I wonder what do you think about Google’s decision to confront China’s censorship by pulling out of the country entirely despite a potential lost of profit for not doing its business with now the second largest economy in the word? A Google's engineer that I talked to over the weekend seemed to struggle in making up his mind about pros and cons of the decision. From a business standpoint, Google’s behavior appears to go against the conscience of self-interest business practice. Even the Economist this week reminds us “the only thing more dangerous than dealing with China is not dealing with it.” Be that as it may, should the world be blindly consumed and guided by corporate profits? In its article, the Economist prescribed two clear rules in doing business with China
The first is that companies need to show an almost exaggerated respect for China’s traditions: the Chinese are simultaneously immensely proud of their history and highly suspicious of foreigners who, in their view, have repeatedly mistreated them. This means making a long-term bet on the country. P&G took three years to become profitable in China. L’Oreal took nine. KFC spent ten years perfecting its business model before becoming the powerhouse that it now is, with restaurants in 450 cities. It also means investing heavily in politicking. Stanley Wong, head of Standard Chartered’s Chinese operations, reckons that multinationals’ senior representatives in China must spend 30-40% of their time buttering up officials and regulators.
The second rule is that companies should never abandon their principles for short-term gains. Freedom of information is so central to Google’s identity that it was right to declare it sacrosanct and repudiate its previous willingness to negotiate it away for commercial advantage. Although the Chinese government may not accept such intransigence, as in Google’s case, the odds are better if firms slavishly follow the first rule.
That is a price worth paying. There is growing evidence that the Chinese market is living up to its promise...
The author seems as confused as the rest of the world in dealing with China. I found the recommendation circular and deficient with unclear direction. As to the first advice, it is fundamentally flawed on both economic and governance standpoints.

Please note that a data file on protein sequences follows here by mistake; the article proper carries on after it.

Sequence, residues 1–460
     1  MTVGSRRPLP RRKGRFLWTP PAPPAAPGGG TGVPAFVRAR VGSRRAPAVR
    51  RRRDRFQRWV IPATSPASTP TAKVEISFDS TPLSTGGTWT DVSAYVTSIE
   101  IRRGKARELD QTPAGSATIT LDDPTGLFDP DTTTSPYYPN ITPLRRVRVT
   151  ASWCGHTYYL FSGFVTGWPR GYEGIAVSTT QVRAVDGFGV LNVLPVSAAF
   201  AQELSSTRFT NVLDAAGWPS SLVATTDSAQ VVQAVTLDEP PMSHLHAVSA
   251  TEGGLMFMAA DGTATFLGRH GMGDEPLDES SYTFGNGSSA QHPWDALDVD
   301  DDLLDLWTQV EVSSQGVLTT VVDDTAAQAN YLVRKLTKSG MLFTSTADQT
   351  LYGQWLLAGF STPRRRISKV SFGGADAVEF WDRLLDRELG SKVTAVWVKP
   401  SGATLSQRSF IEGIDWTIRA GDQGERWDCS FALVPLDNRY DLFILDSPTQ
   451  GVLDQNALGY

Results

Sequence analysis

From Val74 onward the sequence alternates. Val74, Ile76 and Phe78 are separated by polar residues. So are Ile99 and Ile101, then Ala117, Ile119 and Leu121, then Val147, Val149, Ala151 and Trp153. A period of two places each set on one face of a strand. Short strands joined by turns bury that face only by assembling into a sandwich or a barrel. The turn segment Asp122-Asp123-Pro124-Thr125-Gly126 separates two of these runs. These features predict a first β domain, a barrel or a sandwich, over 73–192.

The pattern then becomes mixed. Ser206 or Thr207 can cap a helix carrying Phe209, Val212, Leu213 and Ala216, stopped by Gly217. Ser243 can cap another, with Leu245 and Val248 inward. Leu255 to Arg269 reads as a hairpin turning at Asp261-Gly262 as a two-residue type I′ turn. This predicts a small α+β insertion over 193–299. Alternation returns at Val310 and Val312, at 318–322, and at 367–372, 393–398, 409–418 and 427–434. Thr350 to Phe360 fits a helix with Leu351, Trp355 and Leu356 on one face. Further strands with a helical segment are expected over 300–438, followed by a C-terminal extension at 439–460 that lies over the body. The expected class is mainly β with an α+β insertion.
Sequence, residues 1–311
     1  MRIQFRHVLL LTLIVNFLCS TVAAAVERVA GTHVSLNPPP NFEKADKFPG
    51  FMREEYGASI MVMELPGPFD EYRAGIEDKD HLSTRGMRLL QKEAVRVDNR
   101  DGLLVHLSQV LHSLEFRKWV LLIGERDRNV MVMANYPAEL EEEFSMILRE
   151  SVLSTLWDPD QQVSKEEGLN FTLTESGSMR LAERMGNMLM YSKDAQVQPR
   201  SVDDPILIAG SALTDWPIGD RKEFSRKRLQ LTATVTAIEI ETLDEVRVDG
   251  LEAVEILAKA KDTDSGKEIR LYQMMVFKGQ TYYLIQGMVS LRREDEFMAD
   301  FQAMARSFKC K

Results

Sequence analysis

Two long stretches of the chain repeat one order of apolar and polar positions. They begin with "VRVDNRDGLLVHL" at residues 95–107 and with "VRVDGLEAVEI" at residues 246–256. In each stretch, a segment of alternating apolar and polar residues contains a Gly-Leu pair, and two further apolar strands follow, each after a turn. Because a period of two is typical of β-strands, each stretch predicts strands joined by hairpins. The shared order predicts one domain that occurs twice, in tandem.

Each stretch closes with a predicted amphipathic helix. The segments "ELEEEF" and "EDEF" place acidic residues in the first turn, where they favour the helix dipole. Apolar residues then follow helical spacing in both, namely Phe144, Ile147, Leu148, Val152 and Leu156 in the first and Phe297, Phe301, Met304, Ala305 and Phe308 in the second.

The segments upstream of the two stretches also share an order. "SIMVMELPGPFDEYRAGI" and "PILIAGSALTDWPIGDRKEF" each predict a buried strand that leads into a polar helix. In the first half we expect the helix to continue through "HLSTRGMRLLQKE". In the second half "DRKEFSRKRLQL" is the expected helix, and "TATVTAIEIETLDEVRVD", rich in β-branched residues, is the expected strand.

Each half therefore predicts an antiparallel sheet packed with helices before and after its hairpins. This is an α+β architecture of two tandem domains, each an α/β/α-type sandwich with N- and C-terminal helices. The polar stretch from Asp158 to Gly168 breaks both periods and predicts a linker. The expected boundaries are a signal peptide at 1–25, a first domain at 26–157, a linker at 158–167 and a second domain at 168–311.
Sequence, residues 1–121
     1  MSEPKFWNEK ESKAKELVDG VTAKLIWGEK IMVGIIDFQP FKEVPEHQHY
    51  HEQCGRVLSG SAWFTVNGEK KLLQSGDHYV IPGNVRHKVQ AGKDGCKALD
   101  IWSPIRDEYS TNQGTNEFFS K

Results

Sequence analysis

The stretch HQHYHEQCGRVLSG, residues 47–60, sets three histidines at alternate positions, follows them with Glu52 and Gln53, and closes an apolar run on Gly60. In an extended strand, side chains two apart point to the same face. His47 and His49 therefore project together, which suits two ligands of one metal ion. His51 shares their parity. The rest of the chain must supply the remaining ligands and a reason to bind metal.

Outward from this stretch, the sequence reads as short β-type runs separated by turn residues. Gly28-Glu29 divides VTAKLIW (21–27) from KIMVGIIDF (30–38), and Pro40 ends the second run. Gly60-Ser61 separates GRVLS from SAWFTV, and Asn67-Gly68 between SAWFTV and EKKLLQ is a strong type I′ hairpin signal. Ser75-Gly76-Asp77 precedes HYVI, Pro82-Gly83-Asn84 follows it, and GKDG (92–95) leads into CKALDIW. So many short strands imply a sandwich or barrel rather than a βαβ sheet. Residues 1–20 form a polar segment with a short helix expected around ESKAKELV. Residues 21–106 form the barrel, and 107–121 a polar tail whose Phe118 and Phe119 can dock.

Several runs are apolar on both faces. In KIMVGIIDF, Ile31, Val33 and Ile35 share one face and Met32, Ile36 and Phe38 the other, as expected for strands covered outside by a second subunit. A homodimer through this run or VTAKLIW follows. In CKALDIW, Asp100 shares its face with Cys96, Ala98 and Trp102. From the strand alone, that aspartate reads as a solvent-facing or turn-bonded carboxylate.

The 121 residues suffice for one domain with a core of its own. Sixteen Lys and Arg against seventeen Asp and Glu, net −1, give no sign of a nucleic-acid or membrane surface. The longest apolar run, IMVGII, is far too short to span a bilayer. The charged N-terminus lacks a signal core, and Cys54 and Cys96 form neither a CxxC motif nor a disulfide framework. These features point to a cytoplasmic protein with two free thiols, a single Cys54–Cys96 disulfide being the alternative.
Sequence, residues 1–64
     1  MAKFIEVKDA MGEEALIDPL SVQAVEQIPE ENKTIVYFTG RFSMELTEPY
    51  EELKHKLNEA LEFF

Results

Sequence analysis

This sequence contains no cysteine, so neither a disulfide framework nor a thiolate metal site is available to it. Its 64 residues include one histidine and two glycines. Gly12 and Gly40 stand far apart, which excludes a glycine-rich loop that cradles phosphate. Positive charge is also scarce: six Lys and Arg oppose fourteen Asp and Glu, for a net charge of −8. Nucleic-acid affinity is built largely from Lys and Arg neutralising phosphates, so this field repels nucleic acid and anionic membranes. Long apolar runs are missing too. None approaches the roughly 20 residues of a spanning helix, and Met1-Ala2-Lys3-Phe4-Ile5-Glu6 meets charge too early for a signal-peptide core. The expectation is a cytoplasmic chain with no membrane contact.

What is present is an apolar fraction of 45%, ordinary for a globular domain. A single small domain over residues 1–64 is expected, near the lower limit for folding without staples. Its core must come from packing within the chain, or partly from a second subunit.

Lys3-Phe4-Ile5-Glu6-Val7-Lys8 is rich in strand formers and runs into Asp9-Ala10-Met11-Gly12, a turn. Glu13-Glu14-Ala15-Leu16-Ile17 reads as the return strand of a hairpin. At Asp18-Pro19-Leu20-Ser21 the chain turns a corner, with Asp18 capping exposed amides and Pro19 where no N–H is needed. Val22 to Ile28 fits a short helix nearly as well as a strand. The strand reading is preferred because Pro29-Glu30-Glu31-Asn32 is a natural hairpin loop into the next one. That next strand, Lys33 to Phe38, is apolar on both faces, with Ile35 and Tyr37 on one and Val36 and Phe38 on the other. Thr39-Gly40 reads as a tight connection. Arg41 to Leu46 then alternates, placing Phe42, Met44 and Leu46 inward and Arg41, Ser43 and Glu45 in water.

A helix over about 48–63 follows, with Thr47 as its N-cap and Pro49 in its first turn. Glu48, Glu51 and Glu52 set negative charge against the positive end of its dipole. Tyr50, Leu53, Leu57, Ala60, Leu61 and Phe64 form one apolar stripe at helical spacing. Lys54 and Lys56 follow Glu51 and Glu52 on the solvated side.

With the lure of China, increased market competition would naturally result in amounting investment risk. With time, probability of larger returns of profit for latecomers is less likely as domestic market matures. If it took 10 years for KFC to make a profit in China, it would have taken other fast food chains much longer to penetrate and be successful in Chinese fast food market given the presence of successful first comers such as a big multinational fast-food giant like KFC. In a complex market as China, embedded in investment risks are ambiguous rule of law, widespread corruption and unspoken customary business practices. At the result, increase of competition among foreign investors in the long term could subsequently equate with higher risk of failure, not success. The fact that some first comers had succeeded in the past makes it less likely to replicate. Certainly, business diversification is also a part of many investor’s business model, but a guarantee of a long-term investment is almost nonexistent, counter to want the article hinted, and potential long-term financial loss is just as readily at hand.
Furthermore, at the current rapid speed of technology and copyrights infringement in China, unconditional acceptance of the Chinese Inc.’s policies could hardly benefit foreign investment in the long term. Don’t get me wrong, I do not deny that acquisitions of new advanced technology is vital for Chinese development particularly in the context of a transitional economy. However, from a perspective of a foreign investors who potentially will provide China with financial, management and technological resources, blindfold compliance of such uncontrollable infringement (intentional or not) not only hurts foreign investors in the short term but also risks long-term profits as foreign resources are diffused to local entrepreneurs. The trade off between the providence of advanced technology and economic benefits must happen at the government level so that the benefits would be guaranteed instead of be estimated with vague speculation. For the time being, such trade offs appears grossly inadequate.
The Economist’s advice is also flawed on the level of global governance. Under the veil of diplomacy, economic exchange is the main driver of international relations. Therefore, analysts and consumers should be mindful that what is benefiting multinationals sometimes does not align with what is best for global economy and international stability. An over-evaluation of China’s potentials, which subsequently justifies Chinese business practices, as the Economist argued, is inconsistent with our goal of maintaining global balance and promoting economic growth.
It is ill-advised to tolerate a country that is being treated at equal with the rich world for its economic power, and yet lacks governmental providence of non-corrupted, non-infringed, equal and fair business practice. Such disparity fails to warrant political and legal stability necessary for both business success and global balance.
China will stay a demanding business partner if foreign investors bow to its power and maintain absolute acceptance of the Middle Kingdom’s governing policies. Economic activism should not stop at organization and corporate level. In the face of an increasingly integrated global economy, economic activism must encompass countries and their political alignments to ensure fundamental rights and business equality are acknowledged and protected.
Edit: as this post is being written, the Financial Times today provides further insights into foreign investor’s frustration over China's new protectionist measures.
--Image by the Economist